Steampunk Carnival Brings Music, Artwork & Brass Glasses To Asheville – The Blue Banner

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by Maeve Callahan – mecallah@unca.edu – Editor-in-chief

Photos by Ricky Emmons – Photography Editor

Free alcoholic drinks, live music and original artwork drew people to the downtown ZaPow Art Gallery on Saturday night for the opening reception of the Steampunk Carnival Art Show.

“Steampunk is a fusion of future technology with Victorian design,” said Asheville resident Iman Payne. “You see everything from corsets to old school glasses, but with an iPhone.”

Steampunk began as a fantasy literary subgenre celebrating the social and technological aspects of the 19th century. The name steampunk refers to a post-apocalyptic world where 19th-century steam engines are used extensively, according to steampunk.com, a news, costume and culture website for enthusiasts.

Steampunk fans have come to marry the fantasy world with reality by turning steampunk into everyday items such as computers, phones, and jewelry. An object becomes steampunk by decorating it with brass or copper and enhancing it with engravings or engravings, according to steampunk.com.

A steampunk dresses in Victorian fashion like corsets, top hats and trench coats. Asheville resident Mandy Shupe described the fashion as dark gothic.

“It started out as a hobby, but has grown into a lifestyle,” said Ashley Leckwold, assistant to The Extraordinary Contraptions. “My house is not steampunk with accessories, but I will definitely put on my jewelry before going out every day.”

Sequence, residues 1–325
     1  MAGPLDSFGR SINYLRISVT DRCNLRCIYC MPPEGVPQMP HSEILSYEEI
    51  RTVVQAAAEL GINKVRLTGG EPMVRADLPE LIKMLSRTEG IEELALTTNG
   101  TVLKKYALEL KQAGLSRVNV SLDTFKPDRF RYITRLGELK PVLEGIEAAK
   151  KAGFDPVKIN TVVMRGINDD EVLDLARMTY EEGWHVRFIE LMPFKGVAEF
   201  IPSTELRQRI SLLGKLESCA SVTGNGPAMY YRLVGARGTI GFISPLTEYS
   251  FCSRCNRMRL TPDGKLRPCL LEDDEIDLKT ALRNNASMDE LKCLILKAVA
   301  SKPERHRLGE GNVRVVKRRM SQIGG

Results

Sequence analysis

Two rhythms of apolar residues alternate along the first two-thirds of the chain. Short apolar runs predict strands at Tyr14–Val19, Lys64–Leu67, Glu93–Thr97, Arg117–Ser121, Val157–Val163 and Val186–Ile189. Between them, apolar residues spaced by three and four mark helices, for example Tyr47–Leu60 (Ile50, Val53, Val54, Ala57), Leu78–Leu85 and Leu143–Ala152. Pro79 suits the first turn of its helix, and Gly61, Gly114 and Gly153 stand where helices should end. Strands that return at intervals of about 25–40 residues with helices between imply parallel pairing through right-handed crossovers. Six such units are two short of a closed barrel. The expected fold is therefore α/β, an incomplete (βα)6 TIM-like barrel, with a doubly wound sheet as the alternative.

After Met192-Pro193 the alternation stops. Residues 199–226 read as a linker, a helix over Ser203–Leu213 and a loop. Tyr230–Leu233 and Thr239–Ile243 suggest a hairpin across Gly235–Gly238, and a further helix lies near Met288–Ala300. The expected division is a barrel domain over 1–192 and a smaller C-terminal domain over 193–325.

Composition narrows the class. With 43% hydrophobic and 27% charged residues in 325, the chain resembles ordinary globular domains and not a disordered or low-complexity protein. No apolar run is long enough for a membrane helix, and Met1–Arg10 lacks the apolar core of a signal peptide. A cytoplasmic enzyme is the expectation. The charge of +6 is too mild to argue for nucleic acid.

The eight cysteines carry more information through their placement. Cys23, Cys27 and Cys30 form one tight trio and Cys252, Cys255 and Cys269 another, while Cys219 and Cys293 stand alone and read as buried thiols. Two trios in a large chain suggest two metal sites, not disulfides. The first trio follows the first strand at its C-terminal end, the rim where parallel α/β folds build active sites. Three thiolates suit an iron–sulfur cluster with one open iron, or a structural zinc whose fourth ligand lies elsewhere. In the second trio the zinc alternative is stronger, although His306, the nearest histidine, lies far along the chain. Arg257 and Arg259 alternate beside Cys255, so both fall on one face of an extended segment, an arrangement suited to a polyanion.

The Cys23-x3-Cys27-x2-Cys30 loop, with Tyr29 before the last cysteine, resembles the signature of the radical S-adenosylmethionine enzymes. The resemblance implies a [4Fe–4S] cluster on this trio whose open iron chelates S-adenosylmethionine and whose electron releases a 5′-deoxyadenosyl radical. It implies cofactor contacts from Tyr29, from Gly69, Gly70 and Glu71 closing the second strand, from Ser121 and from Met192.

ZaPow, which claims to be the Southeast’s only popular culture art gallery, has dedicated the first two walls of its 3,000-square-foot space to original steampunk-inspired artwork. ZaPow member artists, who pay a monthly fee for wall space to display their work, chose the steampunk theme for the show. Owner Lauren Johnson said each of the artists contributed a few original pieces inspired by the steampunk world.

Joshua Marc Levy created two works of art for the show. A flashlight photograph captures the image of his wife wearing the steampunk goggles he purchased on Etsy shortly after finding out about the show’s theme.

“There are different levels of steampunk. You have the die-hard steampunkers in full Victorian attire, speaking with accents, and playing a role. And then there’s the street-level steampunk, which is more punk with ripped clothes and gadgets, ”Levy said.

Images of top hats, metal fairy wings and 19th-century bicycles filled both walls of the gallery.

Steampunk elephants rode bicycles and steampunk puppies wore the old school glasses that Payne and Levy mentioned as being at the heart of steampunk fashion.

At the back of ZaPow, the French Broad Brewing Company poured free beer into red plastic cups while The Extraordinary Contraptions performed. The Atlanta-based quartet fits Levy’s description of die-hard steampunkers.

Dressed in corsets, wigs and velvet pants, the band performed their steampunk rock music with a theatrical twist.

Outside the gallery, Johnson was tending to the permanent line of customers waiting to purchase various works of art.

“It’s a good idea if they made the clothes, but instead they end up spending a lot of money,” Payne said.


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